I grew up in the precarious part of New Jersey in which passersby hold their noses, caught in a squall of gambling, tiny baggies, and motel rooms. After a few natural and self-made disasters, I moved to Portland and enrolled in college at 29, ultimately graduating with an MFA in Creative Writing from Portland State University in 2016. Before graduating, I won the Tom Doulis Fiction Writing Award for my short story “Waterlines,” which was later published in Joyland Magazine.
I write fiction from transitional moments in my life, spurred by the emotions that follow uncomfortable or traumatic events. Narrative strands then branch outward, brambly and disordered like emotions themselves. I write the length of these branches until finding their ends, and then I weave them together to build a story. I consider my work experimental, and, at times, absurd.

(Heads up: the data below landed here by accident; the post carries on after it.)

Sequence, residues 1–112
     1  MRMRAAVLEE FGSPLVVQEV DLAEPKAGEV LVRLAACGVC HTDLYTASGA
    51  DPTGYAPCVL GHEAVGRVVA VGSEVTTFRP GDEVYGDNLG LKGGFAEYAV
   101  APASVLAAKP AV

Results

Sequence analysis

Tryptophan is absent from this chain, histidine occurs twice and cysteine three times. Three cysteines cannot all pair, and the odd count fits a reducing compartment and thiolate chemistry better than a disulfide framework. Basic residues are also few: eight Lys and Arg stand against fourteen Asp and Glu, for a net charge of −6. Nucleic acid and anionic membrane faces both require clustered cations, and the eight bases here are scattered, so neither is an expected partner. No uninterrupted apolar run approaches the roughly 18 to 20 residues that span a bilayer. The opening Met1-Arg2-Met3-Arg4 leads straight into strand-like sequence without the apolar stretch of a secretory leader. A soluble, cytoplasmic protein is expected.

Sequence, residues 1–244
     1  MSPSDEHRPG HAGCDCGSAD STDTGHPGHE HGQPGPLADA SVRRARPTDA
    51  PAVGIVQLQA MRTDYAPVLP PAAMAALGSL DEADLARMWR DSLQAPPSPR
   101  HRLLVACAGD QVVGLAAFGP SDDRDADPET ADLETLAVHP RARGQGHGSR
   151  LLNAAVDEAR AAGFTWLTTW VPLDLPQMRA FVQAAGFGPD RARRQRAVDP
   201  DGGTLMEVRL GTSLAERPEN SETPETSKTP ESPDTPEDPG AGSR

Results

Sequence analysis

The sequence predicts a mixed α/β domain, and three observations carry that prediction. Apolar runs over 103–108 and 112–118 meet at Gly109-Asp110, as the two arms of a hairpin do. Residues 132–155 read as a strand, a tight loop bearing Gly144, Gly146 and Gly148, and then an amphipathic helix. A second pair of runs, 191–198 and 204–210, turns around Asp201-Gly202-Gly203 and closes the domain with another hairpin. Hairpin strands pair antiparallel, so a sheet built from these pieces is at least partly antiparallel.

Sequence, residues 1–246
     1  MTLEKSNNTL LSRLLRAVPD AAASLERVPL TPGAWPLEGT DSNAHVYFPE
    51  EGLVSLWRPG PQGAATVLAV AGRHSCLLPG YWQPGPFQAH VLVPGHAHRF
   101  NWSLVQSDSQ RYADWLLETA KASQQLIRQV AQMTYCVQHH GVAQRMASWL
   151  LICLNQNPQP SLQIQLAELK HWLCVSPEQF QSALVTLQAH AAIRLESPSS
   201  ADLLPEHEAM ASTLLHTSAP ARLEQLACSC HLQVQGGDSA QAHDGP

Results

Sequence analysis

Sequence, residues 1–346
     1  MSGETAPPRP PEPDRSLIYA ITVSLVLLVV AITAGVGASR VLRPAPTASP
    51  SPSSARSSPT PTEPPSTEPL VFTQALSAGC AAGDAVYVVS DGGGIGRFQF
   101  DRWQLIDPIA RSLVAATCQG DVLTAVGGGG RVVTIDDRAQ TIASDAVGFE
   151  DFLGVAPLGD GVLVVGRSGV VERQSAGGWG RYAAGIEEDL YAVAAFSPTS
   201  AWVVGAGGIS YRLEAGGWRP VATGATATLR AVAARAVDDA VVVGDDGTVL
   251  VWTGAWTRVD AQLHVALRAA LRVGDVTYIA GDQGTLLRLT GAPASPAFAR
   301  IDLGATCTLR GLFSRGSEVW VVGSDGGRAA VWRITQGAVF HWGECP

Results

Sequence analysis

In my fiction, I am hyper-conscious of sound—particularly the rhythm of the sentence. I love to mess with language texture and shape, employing elements of repetition both to time-keep and drive momentum. Themes present in my work include queerness, class, obsession, bodies at war, and displacement. Sex is alive in all of my stories, but not always in a sexy way.
My words appear in Joyland, Tin House Open Bar, Words Apart, Black Heart, Personal Best, and the anthology Without a Net: The Female Experience of Growing Up Working Class. I work as a freelance technical editor and pet-sitter in Portland, OR.